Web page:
The federal government has certainly begun to take a more active role in monitoring and evolving regulatory standards to keep up with the rapid innovation in the digital assets space. The SEC announced in a recent statement that it is allowing special-purpose broker-dealers to custody digital assets under certain conditions. In addition to requesting comments on the “evolving standards and best practices” with respect to the custody of digital asset securities, according to ThinkAdvisor. The statement released by the SEC states its position that “for a period of five years, a broker-dealer operating under the circumstances set forth in the statement will not be subject to a Commission enforcement action on the basis that the broker-dealer deems itself to have obtained and maintained physical possession or control of customer fully paid and excess margin digital asset securities for the purposes of paragraph (b)(1) of Rule 15c3-3.” The five-year period, according to the SEC, will give industry stakeholders time to comply while developing accepted practices and allow the SEC to gain insight on overseeing them.
In one of the highest-profile SEC actions against a cryptocurrency-based provider, the commission filed a suit against Ripple Labs Inc., the company violated investor-protection laws when it sold a bitcoin-like digital asset called XRP, according to The Wall Street Journal. Ripple, based in San Francisco, is specifically being investigated for offering the digital token XRP as an unregistered security to investors globally. The New York Times reported that Ripple had initially marketed XRP as a new kind of currency that would make it easier for financial institutions to transfer money globally, but according to the lawsuit, financial institutions that tried XRP said it was more expensive than other available alternatives. Ripple is also accused of paying financial institutions to continue using XRP for marketing purposes. Following the announcement of the lawsuit, the price of XRP, which had more than doubled in 2020, making it the third most valuable cryptocurrency, had fallen by over $3 billion. The primary violation the suit claims is that XRP tokens were created and distributed by the founders of Ripple, which makes the token a security rather than a currency, according to The New York Times. Ripple’s executive team plans to fight the lawsuit, though the claims against the company have already created quite the ripple effect. This case will be tough to beat as the SEC clearly stated that companies raising money through the sale of digital assets must follow federal securities laws.
Coinbase, one of the largest cryptocurrency exchanges in the US, agreed to stop selling the XRP token after the SEC sued Ripple for offering unregistered securities, the company itself is now being sued. According to Bloomberg, the class-action lawsuit against Coinbase claims the platform knew the XRP token was a security rather than a commodity or currency and “illegally” sold Ripple tokens anyway. This news and lawsuit are particularly inconvenient for Coinbase as it came about two weeks after the exchange filed to go public. Thomas Sandoval and other consumers are ultimately seeking damages for the commissions paid to Coinbase for XRP tokens.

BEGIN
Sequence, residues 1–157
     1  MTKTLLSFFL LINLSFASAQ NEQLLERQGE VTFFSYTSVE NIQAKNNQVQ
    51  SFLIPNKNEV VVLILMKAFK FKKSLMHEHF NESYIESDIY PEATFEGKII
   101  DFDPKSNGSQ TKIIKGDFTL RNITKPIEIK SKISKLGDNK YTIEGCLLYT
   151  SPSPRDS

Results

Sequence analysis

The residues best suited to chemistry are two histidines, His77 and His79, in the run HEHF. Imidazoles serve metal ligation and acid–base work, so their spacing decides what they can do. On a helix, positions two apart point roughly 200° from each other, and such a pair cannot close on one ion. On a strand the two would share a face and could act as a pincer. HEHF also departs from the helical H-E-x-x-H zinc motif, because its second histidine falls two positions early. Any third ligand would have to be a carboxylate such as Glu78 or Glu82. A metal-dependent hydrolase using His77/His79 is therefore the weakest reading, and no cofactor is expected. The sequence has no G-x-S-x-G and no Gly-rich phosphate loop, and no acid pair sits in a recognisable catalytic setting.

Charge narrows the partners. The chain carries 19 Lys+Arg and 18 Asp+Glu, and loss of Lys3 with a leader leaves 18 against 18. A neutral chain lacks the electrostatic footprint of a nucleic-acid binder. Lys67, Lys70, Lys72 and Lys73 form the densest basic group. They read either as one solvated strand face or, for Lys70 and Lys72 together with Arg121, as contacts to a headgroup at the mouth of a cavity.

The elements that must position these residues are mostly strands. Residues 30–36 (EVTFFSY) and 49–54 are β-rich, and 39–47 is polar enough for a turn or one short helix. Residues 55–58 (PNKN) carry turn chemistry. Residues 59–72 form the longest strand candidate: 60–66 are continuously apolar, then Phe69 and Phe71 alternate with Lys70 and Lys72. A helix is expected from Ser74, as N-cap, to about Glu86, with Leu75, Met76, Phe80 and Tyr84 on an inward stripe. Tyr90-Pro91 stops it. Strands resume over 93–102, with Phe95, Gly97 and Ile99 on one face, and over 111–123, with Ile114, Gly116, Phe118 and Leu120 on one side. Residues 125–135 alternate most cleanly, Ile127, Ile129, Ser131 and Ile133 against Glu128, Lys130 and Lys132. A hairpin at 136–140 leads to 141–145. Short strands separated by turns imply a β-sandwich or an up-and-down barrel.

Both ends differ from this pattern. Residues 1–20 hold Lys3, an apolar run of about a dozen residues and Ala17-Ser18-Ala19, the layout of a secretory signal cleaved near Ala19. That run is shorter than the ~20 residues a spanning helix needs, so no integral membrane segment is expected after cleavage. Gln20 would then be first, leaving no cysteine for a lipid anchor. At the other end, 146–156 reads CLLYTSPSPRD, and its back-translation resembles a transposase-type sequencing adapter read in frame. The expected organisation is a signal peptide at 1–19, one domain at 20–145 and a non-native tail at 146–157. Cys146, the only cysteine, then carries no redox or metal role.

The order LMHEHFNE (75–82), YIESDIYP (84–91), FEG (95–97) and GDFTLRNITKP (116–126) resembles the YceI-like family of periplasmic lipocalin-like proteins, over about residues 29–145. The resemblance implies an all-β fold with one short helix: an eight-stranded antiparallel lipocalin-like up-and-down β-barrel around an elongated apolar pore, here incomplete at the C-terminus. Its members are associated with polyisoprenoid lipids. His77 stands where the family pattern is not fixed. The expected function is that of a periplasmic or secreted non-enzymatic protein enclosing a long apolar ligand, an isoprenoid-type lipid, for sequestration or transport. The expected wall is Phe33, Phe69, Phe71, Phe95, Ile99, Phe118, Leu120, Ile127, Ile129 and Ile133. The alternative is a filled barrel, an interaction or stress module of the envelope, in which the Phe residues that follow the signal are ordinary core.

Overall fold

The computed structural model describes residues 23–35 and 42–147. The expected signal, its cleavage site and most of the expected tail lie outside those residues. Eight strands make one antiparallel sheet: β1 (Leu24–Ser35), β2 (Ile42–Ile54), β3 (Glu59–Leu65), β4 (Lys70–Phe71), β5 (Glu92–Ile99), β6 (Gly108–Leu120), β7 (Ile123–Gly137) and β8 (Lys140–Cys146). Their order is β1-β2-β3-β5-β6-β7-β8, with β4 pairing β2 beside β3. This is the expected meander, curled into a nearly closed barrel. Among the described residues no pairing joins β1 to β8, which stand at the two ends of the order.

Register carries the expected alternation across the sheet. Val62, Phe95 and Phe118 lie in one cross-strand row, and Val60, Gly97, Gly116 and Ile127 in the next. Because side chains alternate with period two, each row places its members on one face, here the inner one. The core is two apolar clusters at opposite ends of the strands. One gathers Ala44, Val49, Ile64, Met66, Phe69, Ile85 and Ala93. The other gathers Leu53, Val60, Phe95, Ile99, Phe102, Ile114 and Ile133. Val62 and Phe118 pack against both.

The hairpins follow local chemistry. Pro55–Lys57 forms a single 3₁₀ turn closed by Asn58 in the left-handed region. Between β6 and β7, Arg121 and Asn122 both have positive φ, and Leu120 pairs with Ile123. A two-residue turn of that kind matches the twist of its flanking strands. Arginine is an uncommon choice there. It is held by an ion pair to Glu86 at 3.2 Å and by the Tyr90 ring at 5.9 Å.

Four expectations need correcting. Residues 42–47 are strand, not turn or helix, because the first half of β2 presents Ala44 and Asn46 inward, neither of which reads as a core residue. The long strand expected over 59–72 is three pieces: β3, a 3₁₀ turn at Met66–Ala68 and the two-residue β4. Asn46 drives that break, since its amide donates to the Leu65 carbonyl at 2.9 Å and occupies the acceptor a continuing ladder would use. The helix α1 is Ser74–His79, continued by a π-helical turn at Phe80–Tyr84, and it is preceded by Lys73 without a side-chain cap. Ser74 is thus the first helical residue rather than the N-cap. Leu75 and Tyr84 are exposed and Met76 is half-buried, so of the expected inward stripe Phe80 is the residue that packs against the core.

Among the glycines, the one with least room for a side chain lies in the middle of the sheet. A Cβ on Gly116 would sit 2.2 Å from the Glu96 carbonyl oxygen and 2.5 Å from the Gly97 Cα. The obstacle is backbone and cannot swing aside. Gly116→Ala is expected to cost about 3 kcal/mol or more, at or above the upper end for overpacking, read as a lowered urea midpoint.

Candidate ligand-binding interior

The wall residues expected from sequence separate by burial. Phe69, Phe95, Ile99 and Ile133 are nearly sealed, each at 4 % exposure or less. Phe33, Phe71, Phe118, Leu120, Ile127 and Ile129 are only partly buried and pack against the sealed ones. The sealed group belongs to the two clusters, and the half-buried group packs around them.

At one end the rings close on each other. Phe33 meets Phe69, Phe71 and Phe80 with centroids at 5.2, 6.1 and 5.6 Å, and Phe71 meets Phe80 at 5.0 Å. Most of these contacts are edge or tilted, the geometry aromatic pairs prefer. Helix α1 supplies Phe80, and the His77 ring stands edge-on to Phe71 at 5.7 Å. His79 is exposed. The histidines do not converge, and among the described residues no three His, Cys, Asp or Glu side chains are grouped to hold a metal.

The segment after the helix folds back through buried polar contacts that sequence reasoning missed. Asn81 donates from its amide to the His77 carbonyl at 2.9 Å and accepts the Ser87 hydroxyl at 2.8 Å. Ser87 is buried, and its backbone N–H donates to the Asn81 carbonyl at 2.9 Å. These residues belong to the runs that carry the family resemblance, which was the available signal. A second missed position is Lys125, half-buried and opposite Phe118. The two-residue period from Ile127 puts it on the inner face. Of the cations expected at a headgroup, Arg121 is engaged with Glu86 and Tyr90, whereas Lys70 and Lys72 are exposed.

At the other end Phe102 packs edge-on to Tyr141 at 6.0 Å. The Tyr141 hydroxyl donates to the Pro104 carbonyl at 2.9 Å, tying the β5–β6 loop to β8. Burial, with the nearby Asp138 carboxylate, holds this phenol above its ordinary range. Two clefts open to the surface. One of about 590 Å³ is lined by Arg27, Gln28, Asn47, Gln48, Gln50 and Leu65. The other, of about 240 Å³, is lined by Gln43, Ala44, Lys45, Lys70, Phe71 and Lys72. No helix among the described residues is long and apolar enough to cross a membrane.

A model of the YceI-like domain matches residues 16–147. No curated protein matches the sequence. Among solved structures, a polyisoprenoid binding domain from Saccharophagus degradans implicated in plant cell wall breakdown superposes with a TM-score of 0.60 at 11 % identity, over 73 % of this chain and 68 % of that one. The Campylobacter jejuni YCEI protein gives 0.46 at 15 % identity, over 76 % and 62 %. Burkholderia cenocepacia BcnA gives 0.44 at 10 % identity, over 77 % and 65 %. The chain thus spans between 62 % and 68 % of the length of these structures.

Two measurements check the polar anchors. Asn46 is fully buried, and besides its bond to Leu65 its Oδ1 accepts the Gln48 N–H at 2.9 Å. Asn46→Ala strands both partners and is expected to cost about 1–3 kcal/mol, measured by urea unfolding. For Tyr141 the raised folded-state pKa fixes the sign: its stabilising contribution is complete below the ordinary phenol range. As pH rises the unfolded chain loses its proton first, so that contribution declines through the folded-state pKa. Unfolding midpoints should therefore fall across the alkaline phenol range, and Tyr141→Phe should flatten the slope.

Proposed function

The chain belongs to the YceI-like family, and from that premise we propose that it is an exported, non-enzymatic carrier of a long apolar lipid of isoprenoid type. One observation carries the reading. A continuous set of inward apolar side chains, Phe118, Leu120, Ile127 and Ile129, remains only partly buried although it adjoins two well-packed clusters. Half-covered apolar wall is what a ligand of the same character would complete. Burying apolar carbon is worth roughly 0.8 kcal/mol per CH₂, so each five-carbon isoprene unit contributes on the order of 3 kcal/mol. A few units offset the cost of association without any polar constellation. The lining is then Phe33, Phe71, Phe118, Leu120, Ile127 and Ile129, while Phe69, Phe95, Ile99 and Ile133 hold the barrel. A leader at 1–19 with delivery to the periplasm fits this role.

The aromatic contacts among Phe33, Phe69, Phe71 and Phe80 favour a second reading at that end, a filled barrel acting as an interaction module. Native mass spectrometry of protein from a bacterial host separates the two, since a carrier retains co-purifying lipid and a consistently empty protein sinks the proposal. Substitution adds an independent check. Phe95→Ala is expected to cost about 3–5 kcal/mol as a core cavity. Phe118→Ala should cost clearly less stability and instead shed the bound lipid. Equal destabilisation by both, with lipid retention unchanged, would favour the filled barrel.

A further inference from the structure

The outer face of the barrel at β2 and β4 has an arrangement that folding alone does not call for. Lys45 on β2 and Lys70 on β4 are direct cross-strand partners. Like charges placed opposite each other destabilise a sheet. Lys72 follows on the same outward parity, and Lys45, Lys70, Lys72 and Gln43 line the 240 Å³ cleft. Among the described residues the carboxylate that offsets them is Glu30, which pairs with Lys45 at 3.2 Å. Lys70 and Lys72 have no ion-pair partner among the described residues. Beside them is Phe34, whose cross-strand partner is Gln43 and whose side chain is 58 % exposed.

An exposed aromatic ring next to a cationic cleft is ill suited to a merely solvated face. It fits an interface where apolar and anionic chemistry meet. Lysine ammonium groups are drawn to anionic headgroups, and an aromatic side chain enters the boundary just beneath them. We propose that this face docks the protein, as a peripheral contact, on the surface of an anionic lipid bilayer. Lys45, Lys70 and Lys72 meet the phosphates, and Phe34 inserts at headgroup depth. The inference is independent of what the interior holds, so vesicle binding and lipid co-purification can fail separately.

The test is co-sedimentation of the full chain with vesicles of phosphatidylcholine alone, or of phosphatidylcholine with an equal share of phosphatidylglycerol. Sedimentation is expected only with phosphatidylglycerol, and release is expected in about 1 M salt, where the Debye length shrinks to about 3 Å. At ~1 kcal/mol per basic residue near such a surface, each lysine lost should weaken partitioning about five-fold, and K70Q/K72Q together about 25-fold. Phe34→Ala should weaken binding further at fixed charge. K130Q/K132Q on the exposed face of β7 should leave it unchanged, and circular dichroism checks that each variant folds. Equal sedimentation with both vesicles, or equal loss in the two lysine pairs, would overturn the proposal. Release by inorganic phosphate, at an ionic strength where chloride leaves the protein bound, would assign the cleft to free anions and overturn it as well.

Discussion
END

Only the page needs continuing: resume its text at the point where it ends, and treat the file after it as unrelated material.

CoinDesk Inc., a Bitcoin-focused media company, has recently acquired analytics company TradeBlock Inc. to enhance its data-driven product offerings within the cryptocurrency industry, according to The Wall Street Journal. Both companies have compelling synergies, as Coindesk is widely known for its bitcoin price index and TradeBlock built its operations around its XBX index. Unlike centralized valuations in the stock market, Bitcoin and other cryptocurrencies trade on multiple exchanges with no definitive price across them. The growing crypto market is lacking an industry-recognized standard index, but with CoinDesk’s acquisition of TradeBlock it is possible one may be developed soon.
Last week, the Monetary Authority of Singapore (MAS) approved measures to better counter money laundering and terrorism financing under changes to the law regulating virtual payment service providers. According to The Strait Times, these approved changes will also significantly strengthen laws governing digital payment tokens (DPTs) to ensure users' assets will be effectively protected. Under the bill, service providers that facilitate the transmission of cryptocurrencies between accounts for payments but do not possess the money or cryptocurrencies involved will be regulated. Previously, only cryptocurrency services that possessed money or the cryptocurrency itself were regulated. It is clear that financial regulators across the globe are monitoring the wide adoption of cryptocurrency and placing consumer protection at the forefront of regulatory efforts.
The United Kingdom (UK)
Earlier this month, the UK Parliament adopted the UK-EU Trade and Cooperation Agreement (TCA), laying out the rules governing the new relationship between the two jurisdictions, according to Business Insider. The January 1 end of the UK’s EU membership status marks the end of free movement and security collaboration, as well as a tougher operational environment for UK-based FinTech firms. The TCA failed to outline guidance for financial services entities looking to smoothly transition into post-Brexit conditions. Two of the primary implications of Brexit for FinTechs are the end of passporting rights that allow EU-based firms authorized in the European Economic Area (EEA) and the stringent visa requirements that need to be met to employ European talent. Additionally, operational compliance regarding data usage will be more complex, as the UK’s Financial Conduct Authority warned financial firms that “they won’t be able to use the EU’s certification standard to share bank data after Brexit, forcing UK FinTechs to comply with different standards in the UK and in the EU.” As the UK experiences yet another stringent COVID-19 lockdown, the timing of the TCA is inopportune for many firms.